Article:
Why Won't My Dog Stop Digging Holes & Destroying The Backyard?

Hi friends,

We've dropped in to discuss a bit of a dirty topic... Digging!

Digging is a commonly-expressed training problem by dog owners and one of the major reasons why pet parents seek professional training advice. So if you come home from work every evening to a new crater or three in the backyard, you're really not alone.

We've seen a lot of canine excavation work over the years, and for some of our clients' dogs it's been the main reason they've sought our help. Whenever we talk about digging with anyone, I always think of one dog in particular - a Border Collie called Checkers. I'll never forget the cavernous trenches that Checkers used to dig in the garden lawn... they were so big you'd think they'd been holed out with earth-moving machinery! Needless to say, Checkers' family were a little beside themselves with a garden that resembled an off-road driving course! If this is starting to sound familiar to you, keep reading!


The answer to every problem lies in the question - why does your dog dig in the first place? There are a number of reasons why your dog could be 'redecorating' your backyard, and the solution you'll need to implement will depend on the root cause.

In many cases, dogs dig because they feel bored and frustrated without enough mental and physical stimulation (e.g. exercise), and/or they feel lonely and isolated without the company of others. You might notice other destructive behaviours signalling boredom, such as incessant barking or other destruction in your backyard. We've seen everything from washing pulled off the line to completely removed and dismantled sprinkler systems! If you do notice these things - it's a good idea to have a friendly chat with your neighbours. Boredom and loneliness can go hand in hand, and your dog may be barking or howling throughout the day without you even knowing it.

There are situations where digging doesn't simply come down to boredom, loneliness, or frustration. Some dogs dig holes and sit in them to regulate their temperature - they may be feeling too hot or too cold throughout the day (our dog walking crew loves digging holes in the sandpit at Kooyong Park on a warm day). Others may dig purely for the fun of it. And in some cases, digging dogs may actually be suffering from serious mental distress (e.g. Separation Anxiety) and this can only be treated with professional help.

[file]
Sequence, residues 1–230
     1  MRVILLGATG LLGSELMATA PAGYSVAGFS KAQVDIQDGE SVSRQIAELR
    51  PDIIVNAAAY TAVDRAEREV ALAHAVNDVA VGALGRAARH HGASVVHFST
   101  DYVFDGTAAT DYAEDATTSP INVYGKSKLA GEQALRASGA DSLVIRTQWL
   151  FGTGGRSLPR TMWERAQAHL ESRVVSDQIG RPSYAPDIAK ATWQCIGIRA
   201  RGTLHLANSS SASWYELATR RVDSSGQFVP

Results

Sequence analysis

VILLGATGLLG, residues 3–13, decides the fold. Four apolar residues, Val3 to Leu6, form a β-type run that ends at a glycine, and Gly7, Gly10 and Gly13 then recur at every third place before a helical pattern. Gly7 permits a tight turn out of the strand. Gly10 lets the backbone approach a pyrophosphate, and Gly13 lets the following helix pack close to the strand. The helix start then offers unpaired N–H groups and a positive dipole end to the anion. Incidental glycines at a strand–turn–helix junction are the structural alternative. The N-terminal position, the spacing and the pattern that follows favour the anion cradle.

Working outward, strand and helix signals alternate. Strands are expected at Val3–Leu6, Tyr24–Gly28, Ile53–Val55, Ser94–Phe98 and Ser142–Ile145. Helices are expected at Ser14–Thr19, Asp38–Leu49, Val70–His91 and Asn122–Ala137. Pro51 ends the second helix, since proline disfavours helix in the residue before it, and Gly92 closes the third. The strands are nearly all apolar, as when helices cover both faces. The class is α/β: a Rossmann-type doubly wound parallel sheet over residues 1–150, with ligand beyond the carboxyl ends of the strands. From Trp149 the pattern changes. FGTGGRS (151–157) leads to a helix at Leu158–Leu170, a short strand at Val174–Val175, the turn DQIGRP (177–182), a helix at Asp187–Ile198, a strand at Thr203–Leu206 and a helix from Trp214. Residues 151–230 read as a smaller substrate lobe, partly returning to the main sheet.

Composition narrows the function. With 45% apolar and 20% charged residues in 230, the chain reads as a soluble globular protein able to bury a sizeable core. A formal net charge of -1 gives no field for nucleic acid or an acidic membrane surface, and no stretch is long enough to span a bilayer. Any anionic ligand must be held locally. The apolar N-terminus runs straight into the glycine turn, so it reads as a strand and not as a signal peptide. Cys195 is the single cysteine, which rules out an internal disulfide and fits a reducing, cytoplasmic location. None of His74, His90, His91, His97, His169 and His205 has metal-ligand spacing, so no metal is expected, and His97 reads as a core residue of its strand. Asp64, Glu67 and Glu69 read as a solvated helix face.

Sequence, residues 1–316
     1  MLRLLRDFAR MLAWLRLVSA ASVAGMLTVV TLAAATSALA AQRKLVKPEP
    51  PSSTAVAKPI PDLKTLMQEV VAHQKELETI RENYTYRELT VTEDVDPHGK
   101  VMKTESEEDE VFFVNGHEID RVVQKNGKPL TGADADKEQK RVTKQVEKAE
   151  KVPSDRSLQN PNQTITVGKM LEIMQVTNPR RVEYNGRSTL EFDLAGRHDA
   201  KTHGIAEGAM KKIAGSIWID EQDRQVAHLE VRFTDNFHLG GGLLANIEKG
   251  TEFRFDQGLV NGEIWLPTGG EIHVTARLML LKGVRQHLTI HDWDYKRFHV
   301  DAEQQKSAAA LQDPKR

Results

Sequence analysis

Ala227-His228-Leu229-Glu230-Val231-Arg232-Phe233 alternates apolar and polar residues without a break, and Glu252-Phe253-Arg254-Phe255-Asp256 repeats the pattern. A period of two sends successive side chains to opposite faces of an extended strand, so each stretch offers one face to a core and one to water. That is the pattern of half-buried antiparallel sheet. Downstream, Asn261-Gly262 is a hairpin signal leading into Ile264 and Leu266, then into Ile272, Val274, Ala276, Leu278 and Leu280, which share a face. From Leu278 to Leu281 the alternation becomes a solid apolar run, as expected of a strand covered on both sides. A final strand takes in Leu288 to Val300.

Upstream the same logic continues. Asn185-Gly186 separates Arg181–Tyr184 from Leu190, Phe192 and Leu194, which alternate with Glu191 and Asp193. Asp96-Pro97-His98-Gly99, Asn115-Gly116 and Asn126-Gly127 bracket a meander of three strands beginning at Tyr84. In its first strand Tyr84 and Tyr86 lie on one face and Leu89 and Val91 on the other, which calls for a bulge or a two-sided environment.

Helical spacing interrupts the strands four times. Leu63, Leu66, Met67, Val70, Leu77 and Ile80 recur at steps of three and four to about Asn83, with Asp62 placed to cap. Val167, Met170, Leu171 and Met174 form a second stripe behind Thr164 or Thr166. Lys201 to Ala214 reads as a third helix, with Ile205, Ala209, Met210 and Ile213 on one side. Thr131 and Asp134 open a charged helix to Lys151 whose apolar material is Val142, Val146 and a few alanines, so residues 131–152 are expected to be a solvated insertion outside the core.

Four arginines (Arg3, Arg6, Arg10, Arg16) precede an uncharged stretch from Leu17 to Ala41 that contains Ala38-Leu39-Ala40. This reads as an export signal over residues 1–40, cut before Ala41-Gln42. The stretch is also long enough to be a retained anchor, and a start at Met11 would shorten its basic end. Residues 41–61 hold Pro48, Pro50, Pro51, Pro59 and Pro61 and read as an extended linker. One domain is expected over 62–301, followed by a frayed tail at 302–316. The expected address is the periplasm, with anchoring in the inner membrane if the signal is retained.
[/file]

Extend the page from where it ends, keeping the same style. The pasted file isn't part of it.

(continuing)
Before you try to fix your dog's digging, it's important to remember that dogs operate within a vastly different "life perspective" to humans. As much as your dog may seem human at times, they simply aren't. Dogs don't operate within the same mental framework as humans - amongst many other things, they don't perceive "right" and "wrong" like we do. And just to clear something up: your dog doesn't know what they did was wrong because they have a "guilty" facial expression. They are just appeasing you because they know you're not happy!

It's so easy to forget how canine your dog is when they are such brilliant, intuitive companions. It's also easy to forget how many of our own thoughts and beliefs are subconscious. Many training issues stem not from dogs failing to understand their humans, but humans misunderstanding their dogs. Don't fall into the trap of falsely believing your dog is "purposely misbehaving" - this misconception only leaves you (and your dog) feeling frustrated and upset, without any solution to the problem. As much as you know your dog, at the end of the day, your dog is from a different species and they speak a different language. The absolute best thing you can do in the process of working with your dog is to empathise with them, and try to understand. Despite how it looks, your dog is doing the best they know how with the skills and coping strategies they currently have. Make sure your expectations are fair, realistic, and helpful. This doesn't just make for a nicer training experience with your dog - it makes for a much more successful one too.